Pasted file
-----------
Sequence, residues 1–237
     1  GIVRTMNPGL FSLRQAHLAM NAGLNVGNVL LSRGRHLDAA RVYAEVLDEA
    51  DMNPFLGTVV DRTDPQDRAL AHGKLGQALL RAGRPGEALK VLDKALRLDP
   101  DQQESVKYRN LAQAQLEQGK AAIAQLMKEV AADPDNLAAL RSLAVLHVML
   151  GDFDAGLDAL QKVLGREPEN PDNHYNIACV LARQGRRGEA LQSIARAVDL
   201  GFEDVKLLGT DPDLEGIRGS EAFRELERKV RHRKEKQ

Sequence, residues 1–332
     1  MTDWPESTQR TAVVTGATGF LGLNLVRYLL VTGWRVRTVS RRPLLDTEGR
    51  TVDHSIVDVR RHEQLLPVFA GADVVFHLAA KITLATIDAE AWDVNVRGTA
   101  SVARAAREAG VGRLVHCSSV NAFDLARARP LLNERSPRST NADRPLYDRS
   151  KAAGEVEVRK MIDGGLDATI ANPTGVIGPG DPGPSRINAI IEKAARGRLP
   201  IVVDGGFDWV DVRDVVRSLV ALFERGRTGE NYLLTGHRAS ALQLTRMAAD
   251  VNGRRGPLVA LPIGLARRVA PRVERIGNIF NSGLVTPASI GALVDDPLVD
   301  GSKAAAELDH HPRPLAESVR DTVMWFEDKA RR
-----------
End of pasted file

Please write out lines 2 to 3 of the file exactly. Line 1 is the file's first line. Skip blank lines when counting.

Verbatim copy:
     1  GIVRTMNPGL FSLRQAHLAM NAGLNVGNVL LSRGRHLDAA RVYAEVLDEA
    51  DMNPFLGTVV DRTDPQDRAL AHGKLGQALL RAGRPGEALK VLDKALRLDP